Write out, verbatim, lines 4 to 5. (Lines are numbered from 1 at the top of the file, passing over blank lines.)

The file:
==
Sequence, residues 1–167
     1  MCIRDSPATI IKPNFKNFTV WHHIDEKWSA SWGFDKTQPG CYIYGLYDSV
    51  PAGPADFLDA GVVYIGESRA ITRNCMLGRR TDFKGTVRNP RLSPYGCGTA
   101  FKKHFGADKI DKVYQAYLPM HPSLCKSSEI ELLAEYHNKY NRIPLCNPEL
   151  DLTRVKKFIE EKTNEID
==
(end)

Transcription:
   101  FKKHFGADKI DKVYQAYLPM HPSLCKSSEI ELLAEYHNKY NRIPLCNPEL
   151  DLTRVKKFIE EKTNEID